Several SANDSWA members recently visited the San Diego Zoo Institute for Conservation Research, in Escondido next to the Safari Park. I’d say the tour was amazing, but that would be underselling it.
We were led by Maggie Reinbold, director of Community Engagement. Maggie talks fast – we had to keep up – but there was a lot to cover: conservation genetics, reproductive sciences, population sustainability, disease investigations, plant conservation, recovery ecology, biodiversity banking.
Let’s start with the last one. We got to check out the Frozen Zoo – a comprehensive cell sample collection covering hundreds of species. We happened to pass by when the zoo team was pulling Northern White Rhinoceros cells for further study.
The Northern White Rhino story encapsulates the Institute’s conservation efforts. Critically endangered, the team is looking for ways to breed them, using Southern White Rhino females as surrogates. But before that happens, they have to determine whether they can use induced pluripotent stem cells to produce Northern White Rhino embryos.
There was a lot more on White Rhinos. The southern variety was having trouble reproducing across North America, leading to an endocrinology investigation. The problem was too much phytoestrogens in their diets, which was interfering with their hormones. The solution was limiting their intake of alfalfa-based pellets – they had to build a metal lattice to keep their big, hungry faces out of the feed – and providing them with a more grass-based diet that more closely replicated their native grazing.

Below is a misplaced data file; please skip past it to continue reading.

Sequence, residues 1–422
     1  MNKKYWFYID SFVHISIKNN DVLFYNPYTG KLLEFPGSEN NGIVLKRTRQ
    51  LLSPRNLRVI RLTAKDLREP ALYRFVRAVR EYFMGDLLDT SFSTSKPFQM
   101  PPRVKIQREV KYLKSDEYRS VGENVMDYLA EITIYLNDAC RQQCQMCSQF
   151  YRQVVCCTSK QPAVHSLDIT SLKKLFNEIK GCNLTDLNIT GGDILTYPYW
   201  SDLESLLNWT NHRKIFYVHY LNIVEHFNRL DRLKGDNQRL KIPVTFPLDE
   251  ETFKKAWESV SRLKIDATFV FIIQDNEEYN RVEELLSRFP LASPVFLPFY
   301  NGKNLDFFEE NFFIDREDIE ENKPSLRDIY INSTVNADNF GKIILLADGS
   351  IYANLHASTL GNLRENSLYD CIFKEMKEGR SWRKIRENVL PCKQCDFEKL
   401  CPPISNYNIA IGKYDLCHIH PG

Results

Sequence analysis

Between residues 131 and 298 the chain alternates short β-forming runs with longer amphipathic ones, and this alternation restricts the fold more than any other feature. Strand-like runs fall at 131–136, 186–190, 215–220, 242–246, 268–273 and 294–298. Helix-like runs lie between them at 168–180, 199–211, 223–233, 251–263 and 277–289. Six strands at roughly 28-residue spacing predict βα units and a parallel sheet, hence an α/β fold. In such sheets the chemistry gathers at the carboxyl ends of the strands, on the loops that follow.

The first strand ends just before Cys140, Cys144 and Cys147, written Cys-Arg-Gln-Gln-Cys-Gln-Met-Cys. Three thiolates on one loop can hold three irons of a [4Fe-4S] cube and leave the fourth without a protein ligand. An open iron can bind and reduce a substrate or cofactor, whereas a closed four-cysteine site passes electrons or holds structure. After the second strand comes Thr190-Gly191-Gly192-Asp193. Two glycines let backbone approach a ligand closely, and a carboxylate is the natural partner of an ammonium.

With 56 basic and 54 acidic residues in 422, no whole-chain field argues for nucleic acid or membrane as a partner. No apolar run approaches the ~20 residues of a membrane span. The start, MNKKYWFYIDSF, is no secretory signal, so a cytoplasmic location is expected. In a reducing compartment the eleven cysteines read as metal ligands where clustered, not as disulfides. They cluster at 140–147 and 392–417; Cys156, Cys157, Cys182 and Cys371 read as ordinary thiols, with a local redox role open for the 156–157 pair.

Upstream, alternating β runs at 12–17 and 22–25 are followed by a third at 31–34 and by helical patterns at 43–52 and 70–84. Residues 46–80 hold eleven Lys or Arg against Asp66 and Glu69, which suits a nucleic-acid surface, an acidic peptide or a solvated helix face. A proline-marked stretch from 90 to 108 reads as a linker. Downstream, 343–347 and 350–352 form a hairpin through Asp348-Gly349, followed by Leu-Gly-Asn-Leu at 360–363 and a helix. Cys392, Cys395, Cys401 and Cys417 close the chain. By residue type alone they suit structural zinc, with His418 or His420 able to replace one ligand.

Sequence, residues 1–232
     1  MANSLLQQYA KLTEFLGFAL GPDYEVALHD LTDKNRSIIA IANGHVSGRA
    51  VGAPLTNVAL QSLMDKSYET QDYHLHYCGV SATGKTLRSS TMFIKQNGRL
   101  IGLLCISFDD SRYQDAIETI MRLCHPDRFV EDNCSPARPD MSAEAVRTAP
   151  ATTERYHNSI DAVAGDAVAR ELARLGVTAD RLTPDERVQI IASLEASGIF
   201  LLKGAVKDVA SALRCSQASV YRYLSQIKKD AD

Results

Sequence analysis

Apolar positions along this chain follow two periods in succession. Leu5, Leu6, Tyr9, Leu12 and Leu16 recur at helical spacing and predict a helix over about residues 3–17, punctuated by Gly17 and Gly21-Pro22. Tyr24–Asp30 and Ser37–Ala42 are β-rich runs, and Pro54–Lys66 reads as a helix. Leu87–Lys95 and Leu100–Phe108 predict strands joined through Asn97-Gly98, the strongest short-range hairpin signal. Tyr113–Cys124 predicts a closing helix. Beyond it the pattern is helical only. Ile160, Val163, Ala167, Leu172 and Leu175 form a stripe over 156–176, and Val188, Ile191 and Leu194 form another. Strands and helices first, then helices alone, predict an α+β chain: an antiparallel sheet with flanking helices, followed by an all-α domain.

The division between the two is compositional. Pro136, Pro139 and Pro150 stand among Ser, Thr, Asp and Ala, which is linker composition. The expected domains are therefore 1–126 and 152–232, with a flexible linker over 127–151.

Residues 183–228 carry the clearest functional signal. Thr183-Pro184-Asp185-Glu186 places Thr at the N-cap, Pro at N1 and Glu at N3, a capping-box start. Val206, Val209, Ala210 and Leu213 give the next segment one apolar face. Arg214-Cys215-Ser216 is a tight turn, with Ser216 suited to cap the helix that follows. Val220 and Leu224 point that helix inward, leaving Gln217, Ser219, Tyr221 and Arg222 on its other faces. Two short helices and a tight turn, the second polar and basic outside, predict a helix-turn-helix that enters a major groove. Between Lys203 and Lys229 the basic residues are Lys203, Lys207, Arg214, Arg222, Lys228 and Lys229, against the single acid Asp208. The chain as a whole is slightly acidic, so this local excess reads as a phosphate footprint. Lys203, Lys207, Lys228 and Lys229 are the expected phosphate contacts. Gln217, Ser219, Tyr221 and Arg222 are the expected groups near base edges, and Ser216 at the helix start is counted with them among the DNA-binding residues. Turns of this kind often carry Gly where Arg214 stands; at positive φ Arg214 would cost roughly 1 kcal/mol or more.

What else is the Institute doing? What are they not doing? One team used genomics to analyze Jaguar poop to better understand their feeding habits and the pressures they may be under. And while we’re talking about excretions, Institute engineers developed a passive way to collect female panda urine to determine when they’re in estrus – a drain that funneled panda pee into a cup.
Researchers also used the institute’s genomic capabilities to determine why Nick, a Sumatran tiger at the Kansas City Zoo, wasn’t mating successfully. The analysis found a trisomy in his sex chromosomes, meaning Nick was sterile (sorry Nick).
On the plant side, researchers are trying to understand why some Torrey Pines are more drought- and bark beetle-resistant than others. Perhaps they have protective genes that could inform new treatments for sick pines.
A lot of these successes are powered by dogged determination. Just over a decade ago, there were only around 200 Mountain Yellow-Legged Frogs in the wild, so when a scientist found 80 tadpoles near Idyllwild, CA, in 2006, it was a big deal.
The Institute tried to breed them, with little success. An extensive literature search (i.e., papers and records from the 1950s) revealed the problem – they weren’t giving the frogs the cold conditions they needed to hibernate. No hibernation, no mating. Wine refrigerators solved the problem.
On the community engagement side, the Institute offers free education for select teachers (including stipends), as well as workshops for kids in middle and high school years. In addition, they are trying to popularize citizen science initiatives, such as Wild Watch Kenya.
This is hardly an exhaustive account, but we all have deadlines to manage, and I’m going to cut it off here. Did you miss the tour? We understand, people have jobs and that can really limit play time. Still, Maggie and team were great. Get some friends together and set something up.